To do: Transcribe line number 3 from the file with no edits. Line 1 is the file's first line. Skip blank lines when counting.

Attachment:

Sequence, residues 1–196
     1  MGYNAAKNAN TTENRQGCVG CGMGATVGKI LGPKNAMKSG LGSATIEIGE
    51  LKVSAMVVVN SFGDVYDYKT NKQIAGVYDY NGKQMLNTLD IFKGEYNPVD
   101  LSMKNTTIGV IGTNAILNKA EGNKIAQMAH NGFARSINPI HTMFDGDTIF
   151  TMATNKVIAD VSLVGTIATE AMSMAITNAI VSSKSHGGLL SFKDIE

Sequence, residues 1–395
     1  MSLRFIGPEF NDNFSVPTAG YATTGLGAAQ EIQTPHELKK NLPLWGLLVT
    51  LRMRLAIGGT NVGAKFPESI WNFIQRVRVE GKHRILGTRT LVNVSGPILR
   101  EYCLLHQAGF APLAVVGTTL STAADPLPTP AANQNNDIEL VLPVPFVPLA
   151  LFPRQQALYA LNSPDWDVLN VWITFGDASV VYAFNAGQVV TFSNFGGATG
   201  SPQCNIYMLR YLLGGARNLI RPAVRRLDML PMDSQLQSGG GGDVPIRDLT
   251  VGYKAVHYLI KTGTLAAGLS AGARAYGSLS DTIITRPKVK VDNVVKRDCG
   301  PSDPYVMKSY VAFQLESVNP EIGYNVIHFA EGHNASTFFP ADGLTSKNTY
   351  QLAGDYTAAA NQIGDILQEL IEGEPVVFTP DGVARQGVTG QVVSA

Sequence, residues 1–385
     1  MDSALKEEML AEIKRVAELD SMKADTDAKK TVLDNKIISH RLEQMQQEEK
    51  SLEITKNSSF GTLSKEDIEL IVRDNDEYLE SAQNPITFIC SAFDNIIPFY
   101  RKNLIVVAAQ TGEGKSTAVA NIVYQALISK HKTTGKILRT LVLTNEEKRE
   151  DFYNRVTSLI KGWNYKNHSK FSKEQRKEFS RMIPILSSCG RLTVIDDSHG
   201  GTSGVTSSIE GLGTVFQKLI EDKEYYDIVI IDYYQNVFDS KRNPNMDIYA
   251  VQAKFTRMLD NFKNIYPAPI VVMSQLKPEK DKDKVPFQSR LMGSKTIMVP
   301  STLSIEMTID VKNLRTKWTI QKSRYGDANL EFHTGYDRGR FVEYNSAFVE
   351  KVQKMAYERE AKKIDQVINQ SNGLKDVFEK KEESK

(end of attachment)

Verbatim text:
    51  LKVSAMVVVN SFGDVYDYKT NKQIAGVYDY NGKQMLNTLD IFKGEYNPVD